5. AppCode is a *far* better environment in which to navigate code – one area amongst many where Xcode is terribly clumsy.

    Shift the cursor to the next method declaration/definition? How do you even do this in Xcode other than with the mouse or typing in line numbers? In AppCode: ctrl + up / down arrow.

    Jump to related test file? Xcode: multiple keystrokes or clicks to work your way through the nav bar. AppCode: cmd-shift-T

    See all usages of a given symbol? Xcode: again, play with the nav bar at length or mess around in the (terribly-designed) Search Navigator. AppCode: cmd-opt-F7

    AppCode vs Xcode is like this in just about every area: where Xcode is superficially elegant but clumsy and lacking in even many basic capabilities; AppCode is eminently practical.

  6. What’s your opinion on Singletons in obj-c? I use this pattern quite often for my network communication manager class or for Core Data communication manager class, but some argue that it might be dangerous. In my opinion, a singleton done right, with dispatch_once, is thread-safe and there’s nothing dangerous about it.

    • The singleton pattern can be very useful. There’s reasons to use it and reasons not to use it. And also it depends what you mean by “singleton”.

      I’ve heard people say that it’s unsafe because you’re “leaking memory”. Well that’s absurd. If it’s storing data that would otherwise be stored elsewhere, then it’s not leaking anything.

      Others argue that it’s bad because it’s just a glorified global, and “globals are bad”. Well, sure, but where are you going to put the data instead? Maybe you’ll pass it around everywhere, but then you need to ensure something is always holding on to it so that it never dies. So you stick a reference in app delegate or something, because, wait for it, the app delegate is a singleton. Now your object is still a singleton, it’s just harder to get access to it because you have to pass it around everywhere.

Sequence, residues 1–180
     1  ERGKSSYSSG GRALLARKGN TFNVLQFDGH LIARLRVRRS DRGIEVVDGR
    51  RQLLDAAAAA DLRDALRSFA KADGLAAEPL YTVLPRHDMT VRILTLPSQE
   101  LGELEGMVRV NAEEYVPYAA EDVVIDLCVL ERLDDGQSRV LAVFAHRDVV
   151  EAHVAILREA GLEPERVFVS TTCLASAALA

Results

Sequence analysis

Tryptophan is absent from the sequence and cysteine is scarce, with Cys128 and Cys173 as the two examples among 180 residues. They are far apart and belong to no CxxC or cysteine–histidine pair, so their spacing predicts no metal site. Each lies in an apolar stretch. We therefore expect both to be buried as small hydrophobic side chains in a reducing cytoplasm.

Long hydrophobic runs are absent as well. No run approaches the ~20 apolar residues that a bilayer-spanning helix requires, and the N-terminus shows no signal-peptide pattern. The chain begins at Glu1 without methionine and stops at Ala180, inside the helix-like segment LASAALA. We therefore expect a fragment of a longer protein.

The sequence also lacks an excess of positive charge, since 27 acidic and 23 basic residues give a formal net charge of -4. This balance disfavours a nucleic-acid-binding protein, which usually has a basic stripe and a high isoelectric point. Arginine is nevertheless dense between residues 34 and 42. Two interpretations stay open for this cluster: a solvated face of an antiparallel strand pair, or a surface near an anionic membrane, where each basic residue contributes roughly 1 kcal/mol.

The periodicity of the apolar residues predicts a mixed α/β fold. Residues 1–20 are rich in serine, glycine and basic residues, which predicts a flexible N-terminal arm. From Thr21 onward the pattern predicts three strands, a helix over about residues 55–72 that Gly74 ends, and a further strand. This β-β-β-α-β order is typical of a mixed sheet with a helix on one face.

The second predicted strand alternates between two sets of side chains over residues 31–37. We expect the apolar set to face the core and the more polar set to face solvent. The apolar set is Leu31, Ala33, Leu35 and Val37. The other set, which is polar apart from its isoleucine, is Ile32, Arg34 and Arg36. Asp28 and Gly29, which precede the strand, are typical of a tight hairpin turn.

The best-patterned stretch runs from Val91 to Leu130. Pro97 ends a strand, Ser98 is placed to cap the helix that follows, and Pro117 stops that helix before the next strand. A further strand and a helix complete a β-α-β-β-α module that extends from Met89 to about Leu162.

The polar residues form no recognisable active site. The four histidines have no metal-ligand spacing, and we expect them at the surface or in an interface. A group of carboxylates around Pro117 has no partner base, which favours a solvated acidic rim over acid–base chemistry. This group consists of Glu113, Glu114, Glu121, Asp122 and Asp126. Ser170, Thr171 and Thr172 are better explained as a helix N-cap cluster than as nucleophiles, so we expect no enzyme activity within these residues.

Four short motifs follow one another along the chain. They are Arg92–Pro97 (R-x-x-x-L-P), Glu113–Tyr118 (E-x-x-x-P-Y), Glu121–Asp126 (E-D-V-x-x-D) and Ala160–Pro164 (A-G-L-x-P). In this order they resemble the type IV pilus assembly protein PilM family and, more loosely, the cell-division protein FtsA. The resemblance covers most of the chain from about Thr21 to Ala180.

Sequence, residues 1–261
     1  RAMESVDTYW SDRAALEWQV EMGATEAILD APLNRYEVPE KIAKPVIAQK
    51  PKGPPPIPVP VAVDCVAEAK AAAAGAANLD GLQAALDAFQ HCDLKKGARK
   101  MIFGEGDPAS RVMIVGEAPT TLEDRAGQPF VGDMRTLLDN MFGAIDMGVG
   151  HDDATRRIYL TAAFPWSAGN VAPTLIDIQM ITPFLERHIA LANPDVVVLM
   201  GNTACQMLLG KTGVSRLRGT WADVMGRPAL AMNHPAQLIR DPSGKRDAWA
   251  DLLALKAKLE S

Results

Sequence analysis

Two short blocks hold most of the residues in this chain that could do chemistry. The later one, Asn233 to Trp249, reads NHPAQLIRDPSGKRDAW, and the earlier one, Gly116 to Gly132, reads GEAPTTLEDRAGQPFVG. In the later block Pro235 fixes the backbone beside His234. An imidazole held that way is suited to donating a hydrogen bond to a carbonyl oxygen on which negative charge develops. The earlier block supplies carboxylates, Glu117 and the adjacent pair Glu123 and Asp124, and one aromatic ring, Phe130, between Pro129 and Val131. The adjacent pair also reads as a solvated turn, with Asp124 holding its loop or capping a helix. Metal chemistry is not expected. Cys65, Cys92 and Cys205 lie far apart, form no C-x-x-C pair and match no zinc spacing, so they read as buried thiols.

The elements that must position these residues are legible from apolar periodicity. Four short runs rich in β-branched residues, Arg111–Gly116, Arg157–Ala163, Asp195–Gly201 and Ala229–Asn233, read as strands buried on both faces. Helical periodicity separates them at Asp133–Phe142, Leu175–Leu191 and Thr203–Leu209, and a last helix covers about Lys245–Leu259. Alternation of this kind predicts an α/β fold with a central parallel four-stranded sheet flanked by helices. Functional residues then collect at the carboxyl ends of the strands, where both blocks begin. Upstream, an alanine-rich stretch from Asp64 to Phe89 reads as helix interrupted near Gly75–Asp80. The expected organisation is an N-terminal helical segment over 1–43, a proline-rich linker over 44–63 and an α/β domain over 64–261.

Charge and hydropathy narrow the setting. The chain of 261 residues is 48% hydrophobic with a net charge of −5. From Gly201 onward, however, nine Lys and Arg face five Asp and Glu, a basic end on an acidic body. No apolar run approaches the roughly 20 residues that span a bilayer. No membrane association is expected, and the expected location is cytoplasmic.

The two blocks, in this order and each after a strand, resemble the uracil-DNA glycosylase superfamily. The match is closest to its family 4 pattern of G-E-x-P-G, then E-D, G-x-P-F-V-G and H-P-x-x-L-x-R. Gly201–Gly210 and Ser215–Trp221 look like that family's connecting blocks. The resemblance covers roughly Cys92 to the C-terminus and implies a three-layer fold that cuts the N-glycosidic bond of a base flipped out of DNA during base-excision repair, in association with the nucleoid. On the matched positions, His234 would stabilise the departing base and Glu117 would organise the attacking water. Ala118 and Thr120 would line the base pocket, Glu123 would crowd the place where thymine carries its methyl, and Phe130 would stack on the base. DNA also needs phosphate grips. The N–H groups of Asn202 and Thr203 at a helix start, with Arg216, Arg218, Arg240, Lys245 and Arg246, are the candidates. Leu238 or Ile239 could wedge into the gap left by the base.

The best argument is that it’s not testable. That’s true to a certain extend. It certainly requires a bit of thought and planning.

      I was talking about this with a colleague the other day. Really it boils down to singleton and global access to the singleton. It is the latter which people take offence to. With global access, singletons can become a dumping ground for functionality required through an application. That’s when they start to break down and become unwieldy and untestable.

      Overall I don’t have a problem with singletons. They can be extremely useful. Just make sure you understand what you’re doing.

  7. What is the singlemost important thing/tip/tweak you would recommend everybody knows/uses when dealing with lots of core data objects? In particular big objects (photos for example).

    In my experience using a NSFetchedResultsController is the normal first step… From there I have seen loads of different approaches to optimizing (optimizing as in application responsiveness and loading times) – does anything spring to mind as a very effective technique… maybe even your go-to solution?

  8. Re testing improvements. Personally I use Expecta matchers and OCMockito within the standard XCTest environment. I’ve tried Kiwi and Specta, but find the deeply nested blocks approach unreadable, too dissimilar from the rest of my code, and lacking in tool support (eg for quickly visualising and navigating code structure).